Domestic violence is a cross-cultural and cross-socioeconomic issue.
“We have clients we have to turn off the GPS tracker in their new BMW’s and we have clients who can’t afford a car,” Jenevein said. “It doesn’t matter what she looks like. It matters what he does.”
About 75 percent of women killed by their abusers are killed after leaving.
“It’s so dangerous to leave, with your little children typically with no resources,” Jenevein said. “I think these women are incredible. It’s changed me when I get to witness these acts of courage.”
Jenevein began working at Genesis after a colleague in the Junior League of Dallas was killed by her husband with a pair of scissors in front of her children in 2000. She believes that people around domestic violence victims need to be able to speak up when they see the signs.
A change that Jenevein, Sarmiento and rally project manager Shawn Williams have noticed is that people are more likely talk about domestic violence.
“When people see some of the signs or hear something they think that maybe be this is part of this [domestic violence]. That is different than before the rally. People are willing to talk about it, before people didn’t talk about it much,” Williams said.
Recently, Rawlings’ initiative went to Dallas Independent School District, Richardson Independent School District, Jesuit College Preparatory School and Bishop Dunne Catholic School. According the Dallas Men Against Abuse website, more than 20,000 people took the pledge against domestic violence from Nov. 3 to 10, 2013, at high school varsity football home games.
Woodrow Wilson High School’s Varsity Coach Daniel Estes thought it was a “natural progression to come to football players.”
“It’s our responsibility to teach character and morality and we can do that on the football field,” Estes said. “Emphasize the right way to play football but also the right way to treat one another.”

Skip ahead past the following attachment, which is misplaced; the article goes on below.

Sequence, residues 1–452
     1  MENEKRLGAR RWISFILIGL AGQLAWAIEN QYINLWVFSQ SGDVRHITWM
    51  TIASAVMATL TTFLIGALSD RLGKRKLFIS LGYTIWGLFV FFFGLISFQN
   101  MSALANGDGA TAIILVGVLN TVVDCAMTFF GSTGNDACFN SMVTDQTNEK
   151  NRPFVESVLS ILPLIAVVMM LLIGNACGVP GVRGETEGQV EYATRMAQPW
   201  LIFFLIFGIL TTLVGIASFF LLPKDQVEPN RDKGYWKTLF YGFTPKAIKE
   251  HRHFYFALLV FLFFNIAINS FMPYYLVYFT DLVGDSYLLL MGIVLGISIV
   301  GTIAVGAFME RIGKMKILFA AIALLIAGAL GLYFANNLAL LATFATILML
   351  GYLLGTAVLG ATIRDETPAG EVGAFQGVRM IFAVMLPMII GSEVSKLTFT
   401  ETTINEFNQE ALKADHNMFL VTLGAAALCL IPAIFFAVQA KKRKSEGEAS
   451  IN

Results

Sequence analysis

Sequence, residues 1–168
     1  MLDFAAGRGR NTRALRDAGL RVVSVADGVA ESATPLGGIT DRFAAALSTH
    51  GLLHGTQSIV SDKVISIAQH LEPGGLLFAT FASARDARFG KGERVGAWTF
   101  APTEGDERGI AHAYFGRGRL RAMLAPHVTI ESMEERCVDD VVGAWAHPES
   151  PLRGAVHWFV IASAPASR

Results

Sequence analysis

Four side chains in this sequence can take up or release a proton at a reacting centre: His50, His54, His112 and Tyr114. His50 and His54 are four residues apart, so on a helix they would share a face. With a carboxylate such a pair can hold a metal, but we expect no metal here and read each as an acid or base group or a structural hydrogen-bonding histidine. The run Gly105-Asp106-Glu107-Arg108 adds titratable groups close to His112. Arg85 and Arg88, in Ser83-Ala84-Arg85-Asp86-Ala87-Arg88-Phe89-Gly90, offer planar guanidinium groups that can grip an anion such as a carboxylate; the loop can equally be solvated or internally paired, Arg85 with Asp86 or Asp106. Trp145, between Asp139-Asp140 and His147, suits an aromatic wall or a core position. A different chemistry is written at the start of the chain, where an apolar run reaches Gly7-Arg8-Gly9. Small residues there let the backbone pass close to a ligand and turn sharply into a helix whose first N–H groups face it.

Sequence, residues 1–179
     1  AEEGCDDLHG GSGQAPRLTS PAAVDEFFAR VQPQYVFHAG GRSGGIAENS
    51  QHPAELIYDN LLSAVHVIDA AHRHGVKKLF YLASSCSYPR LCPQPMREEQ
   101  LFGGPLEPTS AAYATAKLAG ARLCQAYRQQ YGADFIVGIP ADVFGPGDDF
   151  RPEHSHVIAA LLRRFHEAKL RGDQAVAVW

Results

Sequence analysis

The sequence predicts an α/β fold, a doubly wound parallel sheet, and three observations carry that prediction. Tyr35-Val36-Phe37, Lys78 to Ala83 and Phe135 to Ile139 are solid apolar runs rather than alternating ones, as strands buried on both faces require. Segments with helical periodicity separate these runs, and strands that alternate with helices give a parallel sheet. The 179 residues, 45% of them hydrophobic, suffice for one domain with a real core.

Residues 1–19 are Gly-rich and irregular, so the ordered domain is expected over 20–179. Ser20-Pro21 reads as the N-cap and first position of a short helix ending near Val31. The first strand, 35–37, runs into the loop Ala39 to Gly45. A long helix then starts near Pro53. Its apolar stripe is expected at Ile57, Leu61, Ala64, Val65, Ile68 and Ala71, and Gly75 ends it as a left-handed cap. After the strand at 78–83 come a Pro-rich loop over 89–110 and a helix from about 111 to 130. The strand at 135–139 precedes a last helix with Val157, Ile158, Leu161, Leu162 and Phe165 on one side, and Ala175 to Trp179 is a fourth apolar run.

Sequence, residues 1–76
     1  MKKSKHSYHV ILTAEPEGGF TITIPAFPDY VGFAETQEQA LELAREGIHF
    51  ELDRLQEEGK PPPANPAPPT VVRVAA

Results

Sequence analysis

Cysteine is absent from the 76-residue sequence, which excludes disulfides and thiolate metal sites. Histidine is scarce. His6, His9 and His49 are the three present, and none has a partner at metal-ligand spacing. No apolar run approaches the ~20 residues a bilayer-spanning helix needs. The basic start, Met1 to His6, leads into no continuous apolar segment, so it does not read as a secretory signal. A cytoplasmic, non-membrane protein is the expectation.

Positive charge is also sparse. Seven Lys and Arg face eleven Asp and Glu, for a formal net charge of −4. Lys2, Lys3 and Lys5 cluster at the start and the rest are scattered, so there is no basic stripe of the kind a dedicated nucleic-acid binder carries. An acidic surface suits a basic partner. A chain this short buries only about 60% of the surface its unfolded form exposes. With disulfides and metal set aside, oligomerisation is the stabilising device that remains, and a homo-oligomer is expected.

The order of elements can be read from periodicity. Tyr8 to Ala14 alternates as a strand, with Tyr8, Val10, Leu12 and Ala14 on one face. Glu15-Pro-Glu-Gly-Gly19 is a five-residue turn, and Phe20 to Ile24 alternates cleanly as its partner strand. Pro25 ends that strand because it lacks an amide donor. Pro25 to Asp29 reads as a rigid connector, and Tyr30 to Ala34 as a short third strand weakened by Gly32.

Wilson’s football program has about 105 14-to-18-year-old players. Rawlings’ initiative opened up communication lines for Estes and his players.
“There were several players on my team that had witness [ed] domestic violence whether it be a boyfriend or stepdad or dad,” Estes said. “In one case, the violence trickled down to them.”
Rawlings and other civic leaders are members of Genesis’ He Respects Others program that focuses on providing positive male role models for families.
“If it changes one or two kid’s life, it’s well worth it,” Estes said. “If we continue to put it out in the forefront, that domestic violence is not acceptable, then hopefully there will be a change. This is a small drop in the river. If that drop continues it will change.”
The family from South Texas lived in Annie’s House until Habitat for Humanity built them a home. The mother received her nurses assistant degree and a year later her oldest son entered college as an engineering major.
“I think about them a lot,” Jenevein said. “The eldest daughter is in college now. It’s fun to see their lives thrive.”